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Film
Title: Malcolm X
Director: Spike Lee
Starring: Denzel Washington

clip_image002Malcolm X is a 1992 adaptation of The Autobiography of Malcolm X (read my review) by Alex Haley and Malcolm X. The film begins with the depiction of the young Malcolm X in Boston and Harlem, along with his friend Shorty, and their involvement in burglary, drug dealing and prostitution. In flashbacks, the movie chronicles the life of Malcolm’s family before he was born and during his early childhood. His father was killed by the KKK (while it was said that he had committed suicide) and his mother was sent to a mental center. He was then separated from his siblings.

During a group robbery, Malcolm and his partners get sent to jail for 8-10 years, while his white female partners received 5 years in jail. After learning about the Nation of Islam and its teachings by one of the prisoners, Malcolm converts to the Nation of Islam while corresponding with the its minister, Elijah Mohammed. He educates himself in prison, and after leaving, becomes the main speaker of the movement, preaching Elijah Mohammed’s teachings of complete separation between whites and blacks, and that all whites were racists and enemies. However, Malcom’s feelings change after his pilgrimage to Mecca, where he was touched by seeing Muslims of all races and colors together. While preaching his new, flexible beliefs, he receives death threats and was ultimately assassinated.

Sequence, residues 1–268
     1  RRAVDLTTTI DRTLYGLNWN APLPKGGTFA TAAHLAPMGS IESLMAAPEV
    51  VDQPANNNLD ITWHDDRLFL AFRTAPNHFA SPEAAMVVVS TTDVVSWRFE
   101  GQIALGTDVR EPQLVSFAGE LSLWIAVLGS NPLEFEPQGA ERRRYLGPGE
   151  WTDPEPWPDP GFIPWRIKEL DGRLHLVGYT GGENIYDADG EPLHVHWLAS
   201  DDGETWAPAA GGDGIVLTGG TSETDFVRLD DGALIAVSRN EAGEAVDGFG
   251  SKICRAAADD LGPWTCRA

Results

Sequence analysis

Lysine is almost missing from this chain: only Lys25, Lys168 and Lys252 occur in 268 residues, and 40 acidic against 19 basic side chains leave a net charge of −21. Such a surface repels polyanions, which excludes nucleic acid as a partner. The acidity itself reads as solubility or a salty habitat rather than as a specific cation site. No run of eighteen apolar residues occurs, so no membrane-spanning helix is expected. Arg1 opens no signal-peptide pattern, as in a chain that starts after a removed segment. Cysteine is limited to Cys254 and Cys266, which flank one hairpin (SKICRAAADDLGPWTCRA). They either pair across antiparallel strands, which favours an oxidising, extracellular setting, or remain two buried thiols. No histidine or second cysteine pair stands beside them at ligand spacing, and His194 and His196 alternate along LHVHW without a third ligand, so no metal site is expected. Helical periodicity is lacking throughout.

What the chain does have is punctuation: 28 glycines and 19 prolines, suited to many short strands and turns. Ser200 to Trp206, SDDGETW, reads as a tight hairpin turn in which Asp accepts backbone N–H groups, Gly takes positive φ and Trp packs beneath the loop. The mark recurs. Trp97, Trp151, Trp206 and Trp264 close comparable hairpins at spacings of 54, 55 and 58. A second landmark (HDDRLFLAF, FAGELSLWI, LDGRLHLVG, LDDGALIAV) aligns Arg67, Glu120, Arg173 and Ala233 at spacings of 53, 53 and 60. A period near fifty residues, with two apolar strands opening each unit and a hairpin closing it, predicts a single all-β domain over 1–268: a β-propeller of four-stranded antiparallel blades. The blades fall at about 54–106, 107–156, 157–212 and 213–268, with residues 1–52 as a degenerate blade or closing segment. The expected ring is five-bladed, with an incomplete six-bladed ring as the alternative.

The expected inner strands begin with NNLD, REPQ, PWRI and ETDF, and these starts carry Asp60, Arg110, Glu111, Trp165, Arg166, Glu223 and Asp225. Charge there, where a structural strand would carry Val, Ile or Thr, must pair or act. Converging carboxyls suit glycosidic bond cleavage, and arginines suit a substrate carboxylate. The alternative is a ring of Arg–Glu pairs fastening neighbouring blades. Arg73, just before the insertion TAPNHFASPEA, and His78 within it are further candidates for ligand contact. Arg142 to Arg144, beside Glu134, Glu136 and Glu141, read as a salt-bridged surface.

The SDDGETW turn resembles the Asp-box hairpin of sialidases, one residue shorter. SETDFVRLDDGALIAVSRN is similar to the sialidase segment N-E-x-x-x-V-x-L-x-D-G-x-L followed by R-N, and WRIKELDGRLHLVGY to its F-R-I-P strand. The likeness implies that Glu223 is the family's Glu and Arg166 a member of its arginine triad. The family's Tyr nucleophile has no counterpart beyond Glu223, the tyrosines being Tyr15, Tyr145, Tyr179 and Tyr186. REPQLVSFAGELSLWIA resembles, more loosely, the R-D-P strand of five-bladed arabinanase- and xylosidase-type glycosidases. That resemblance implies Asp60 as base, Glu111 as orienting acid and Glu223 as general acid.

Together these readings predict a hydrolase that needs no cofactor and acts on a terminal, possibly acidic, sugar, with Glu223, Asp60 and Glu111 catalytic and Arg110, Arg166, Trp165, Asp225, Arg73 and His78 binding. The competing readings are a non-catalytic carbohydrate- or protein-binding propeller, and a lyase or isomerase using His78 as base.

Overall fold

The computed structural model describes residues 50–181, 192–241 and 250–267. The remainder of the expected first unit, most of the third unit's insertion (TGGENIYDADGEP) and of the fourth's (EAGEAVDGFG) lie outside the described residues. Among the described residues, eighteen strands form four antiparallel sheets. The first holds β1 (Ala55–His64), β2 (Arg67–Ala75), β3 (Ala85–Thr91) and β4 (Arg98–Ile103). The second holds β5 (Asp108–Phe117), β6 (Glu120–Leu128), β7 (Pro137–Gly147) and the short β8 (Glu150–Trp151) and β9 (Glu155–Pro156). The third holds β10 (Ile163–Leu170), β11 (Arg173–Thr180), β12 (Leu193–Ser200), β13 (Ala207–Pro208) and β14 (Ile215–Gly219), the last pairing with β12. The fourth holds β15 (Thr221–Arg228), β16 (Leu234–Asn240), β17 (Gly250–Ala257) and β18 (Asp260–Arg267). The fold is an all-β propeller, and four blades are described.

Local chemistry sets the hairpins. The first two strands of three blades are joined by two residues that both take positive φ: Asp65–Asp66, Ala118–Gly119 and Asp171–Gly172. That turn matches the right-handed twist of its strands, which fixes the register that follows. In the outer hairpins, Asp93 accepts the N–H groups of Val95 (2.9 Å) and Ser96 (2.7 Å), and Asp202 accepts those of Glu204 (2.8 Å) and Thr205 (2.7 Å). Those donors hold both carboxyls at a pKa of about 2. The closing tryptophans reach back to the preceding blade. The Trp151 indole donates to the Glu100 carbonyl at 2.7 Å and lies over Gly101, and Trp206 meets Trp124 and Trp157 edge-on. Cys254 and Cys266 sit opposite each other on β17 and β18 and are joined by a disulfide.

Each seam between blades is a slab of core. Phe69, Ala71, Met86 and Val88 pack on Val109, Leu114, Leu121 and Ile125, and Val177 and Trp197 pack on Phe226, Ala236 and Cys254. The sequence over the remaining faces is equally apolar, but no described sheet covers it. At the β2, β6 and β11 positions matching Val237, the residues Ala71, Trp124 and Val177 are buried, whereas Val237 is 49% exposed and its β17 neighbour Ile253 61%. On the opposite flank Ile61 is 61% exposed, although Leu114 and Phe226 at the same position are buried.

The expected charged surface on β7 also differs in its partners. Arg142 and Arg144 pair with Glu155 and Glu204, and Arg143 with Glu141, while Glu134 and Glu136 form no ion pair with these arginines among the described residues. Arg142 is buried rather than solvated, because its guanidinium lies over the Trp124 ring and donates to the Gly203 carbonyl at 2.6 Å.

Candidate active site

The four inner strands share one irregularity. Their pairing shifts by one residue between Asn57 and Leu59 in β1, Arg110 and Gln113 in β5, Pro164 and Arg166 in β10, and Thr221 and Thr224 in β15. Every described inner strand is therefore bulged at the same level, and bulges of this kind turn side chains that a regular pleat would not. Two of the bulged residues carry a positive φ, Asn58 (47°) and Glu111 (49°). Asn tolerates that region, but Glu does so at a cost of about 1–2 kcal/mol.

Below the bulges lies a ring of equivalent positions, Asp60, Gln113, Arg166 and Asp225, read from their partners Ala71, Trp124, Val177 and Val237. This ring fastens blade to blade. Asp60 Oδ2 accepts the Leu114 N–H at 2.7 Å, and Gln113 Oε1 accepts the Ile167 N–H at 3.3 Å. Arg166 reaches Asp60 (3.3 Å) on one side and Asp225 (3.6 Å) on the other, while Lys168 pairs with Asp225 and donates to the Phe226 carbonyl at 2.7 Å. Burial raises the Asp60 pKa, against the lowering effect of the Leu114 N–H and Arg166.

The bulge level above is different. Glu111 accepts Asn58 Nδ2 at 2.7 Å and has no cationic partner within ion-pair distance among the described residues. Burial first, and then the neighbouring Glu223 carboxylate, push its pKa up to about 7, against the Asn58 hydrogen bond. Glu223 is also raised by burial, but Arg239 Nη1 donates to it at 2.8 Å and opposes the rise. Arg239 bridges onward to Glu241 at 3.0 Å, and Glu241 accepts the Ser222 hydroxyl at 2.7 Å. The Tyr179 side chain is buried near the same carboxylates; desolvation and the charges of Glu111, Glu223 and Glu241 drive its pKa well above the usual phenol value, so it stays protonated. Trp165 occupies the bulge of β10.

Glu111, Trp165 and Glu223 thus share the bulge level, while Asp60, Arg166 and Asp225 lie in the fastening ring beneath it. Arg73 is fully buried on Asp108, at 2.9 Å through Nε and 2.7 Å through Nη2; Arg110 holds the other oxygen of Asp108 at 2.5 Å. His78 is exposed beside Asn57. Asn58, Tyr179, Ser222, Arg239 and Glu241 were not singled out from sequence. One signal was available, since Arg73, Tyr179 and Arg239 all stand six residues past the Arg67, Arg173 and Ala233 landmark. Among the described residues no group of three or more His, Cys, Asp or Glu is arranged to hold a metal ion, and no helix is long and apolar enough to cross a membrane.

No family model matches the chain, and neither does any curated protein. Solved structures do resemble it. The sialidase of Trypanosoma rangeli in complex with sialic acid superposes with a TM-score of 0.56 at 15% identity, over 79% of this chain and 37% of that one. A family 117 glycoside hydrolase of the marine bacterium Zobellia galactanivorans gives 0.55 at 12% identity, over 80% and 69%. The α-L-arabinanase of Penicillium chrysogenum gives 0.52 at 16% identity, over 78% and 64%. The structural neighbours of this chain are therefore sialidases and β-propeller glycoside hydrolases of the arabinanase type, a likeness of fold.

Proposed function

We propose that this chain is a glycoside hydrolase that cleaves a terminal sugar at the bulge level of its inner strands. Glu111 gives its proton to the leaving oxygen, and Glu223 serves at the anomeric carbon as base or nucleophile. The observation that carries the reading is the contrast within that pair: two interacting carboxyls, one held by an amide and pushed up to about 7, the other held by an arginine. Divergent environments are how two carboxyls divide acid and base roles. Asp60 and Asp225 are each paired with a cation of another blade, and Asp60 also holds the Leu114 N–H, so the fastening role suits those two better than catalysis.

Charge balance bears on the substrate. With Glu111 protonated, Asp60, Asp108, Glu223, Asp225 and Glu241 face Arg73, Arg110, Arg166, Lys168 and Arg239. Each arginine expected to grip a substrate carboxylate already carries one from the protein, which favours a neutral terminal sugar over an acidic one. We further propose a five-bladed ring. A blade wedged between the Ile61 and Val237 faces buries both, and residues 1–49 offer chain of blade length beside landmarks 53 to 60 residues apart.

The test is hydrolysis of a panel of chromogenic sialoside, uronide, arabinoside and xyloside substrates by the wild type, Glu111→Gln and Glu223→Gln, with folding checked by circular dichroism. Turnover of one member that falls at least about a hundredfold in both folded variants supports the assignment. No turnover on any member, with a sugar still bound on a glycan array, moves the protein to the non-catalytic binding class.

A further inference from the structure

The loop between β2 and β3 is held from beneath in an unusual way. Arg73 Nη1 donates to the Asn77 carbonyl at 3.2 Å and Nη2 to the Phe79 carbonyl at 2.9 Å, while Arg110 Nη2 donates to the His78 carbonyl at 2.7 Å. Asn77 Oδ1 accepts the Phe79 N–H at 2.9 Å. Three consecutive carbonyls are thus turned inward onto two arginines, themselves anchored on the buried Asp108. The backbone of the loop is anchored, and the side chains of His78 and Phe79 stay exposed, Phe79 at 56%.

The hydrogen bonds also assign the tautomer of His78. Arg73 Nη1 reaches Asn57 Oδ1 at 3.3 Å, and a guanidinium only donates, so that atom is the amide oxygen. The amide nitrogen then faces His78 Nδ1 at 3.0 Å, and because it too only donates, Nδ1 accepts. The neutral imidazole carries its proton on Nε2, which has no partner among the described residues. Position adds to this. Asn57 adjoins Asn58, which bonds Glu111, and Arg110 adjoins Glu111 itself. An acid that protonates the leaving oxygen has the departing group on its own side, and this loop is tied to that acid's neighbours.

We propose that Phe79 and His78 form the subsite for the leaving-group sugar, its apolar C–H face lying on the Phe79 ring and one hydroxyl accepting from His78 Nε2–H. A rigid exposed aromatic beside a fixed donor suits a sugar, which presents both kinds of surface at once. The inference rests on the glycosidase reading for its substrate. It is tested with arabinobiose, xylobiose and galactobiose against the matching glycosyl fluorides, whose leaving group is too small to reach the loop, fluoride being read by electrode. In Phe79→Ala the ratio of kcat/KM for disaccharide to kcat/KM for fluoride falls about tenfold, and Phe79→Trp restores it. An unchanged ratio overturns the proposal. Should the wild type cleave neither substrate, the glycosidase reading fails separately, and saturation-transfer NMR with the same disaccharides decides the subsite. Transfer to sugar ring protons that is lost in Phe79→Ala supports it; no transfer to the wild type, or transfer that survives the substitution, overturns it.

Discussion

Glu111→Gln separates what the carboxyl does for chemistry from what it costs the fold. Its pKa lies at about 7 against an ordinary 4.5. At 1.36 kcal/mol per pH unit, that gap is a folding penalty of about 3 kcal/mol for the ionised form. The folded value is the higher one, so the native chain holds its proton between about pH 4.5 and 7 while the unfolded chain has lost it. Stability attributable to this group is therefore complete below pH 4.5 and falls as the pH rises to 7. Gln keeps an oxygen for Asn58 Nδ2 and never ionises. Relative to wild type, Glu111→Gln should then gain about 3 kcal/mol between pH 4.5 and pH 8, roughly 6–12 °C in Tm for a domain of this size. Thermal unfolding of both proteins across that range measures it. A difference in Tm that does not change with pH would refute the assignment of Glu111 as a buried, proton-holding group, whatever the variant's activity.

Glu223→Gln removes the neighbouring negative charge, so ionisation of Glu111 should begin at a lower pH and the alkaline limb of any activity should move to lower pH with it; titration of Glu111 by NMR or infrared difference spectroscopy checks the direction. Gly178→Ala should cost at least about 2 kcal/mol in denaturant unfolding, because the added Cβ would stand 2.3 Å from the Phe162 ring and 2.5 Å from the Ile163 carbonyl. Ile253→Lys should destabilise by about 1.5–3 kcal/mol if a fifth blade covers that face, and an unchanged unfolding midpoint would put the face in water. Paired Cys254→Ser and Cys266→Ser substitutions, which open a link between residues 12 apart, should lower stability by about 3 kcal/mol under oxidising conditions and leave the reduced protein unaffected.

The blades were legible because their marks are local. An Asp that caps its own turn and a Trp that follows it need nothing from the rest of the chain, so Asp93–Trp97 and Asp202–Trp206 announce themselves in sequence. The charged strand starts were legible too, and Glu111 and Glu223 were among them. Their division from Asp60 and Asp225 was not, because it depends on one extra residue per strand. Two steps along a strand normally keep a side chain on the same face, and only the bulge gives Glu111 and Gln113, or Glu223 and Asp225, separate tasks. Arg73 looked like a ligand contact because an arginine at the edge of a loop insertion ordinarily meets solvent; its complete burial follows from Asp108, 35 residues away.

Malcolm X is a very good movie, albeit being pretty long (3 and a half hours). Malcolm’s life before joining entering jail could have been shortened; I was more interested in his stint as an activist. His troubled young-adulthood was too detailed, in my opinion. We get that he was involved in all sorts of trouble. But the director, Spike Lee, who also played Shorty in the film, did a good job of showing Malcolm as an innocent young adult who just wanted to be cool, hypnotized by the “slave mind”, as Malcolm puts it. The film also depicted how Betty, Malcolm’s wife, sensed that he was in trouble even before Malcolm did. Since Malcolm revered Elijah Mohammed, it was difficult for him to imagine being betrayed by that person who changed his life.

I would recommend reading the book before watching the movie. The movie was very true to the book, and it was easy to follow. At the end of the movie, following real footage after Malcolm X’s assassination, Ossie Davis narrated Malcolm’s legacy and a scene with Nelson Mandela speaking to students about Malcolm X.

Malcolm’s story is a sad one, and showed that a person who wanted to change his/her society always suffered.

Malcolm X the film is available for rent and purchase on iTunes.

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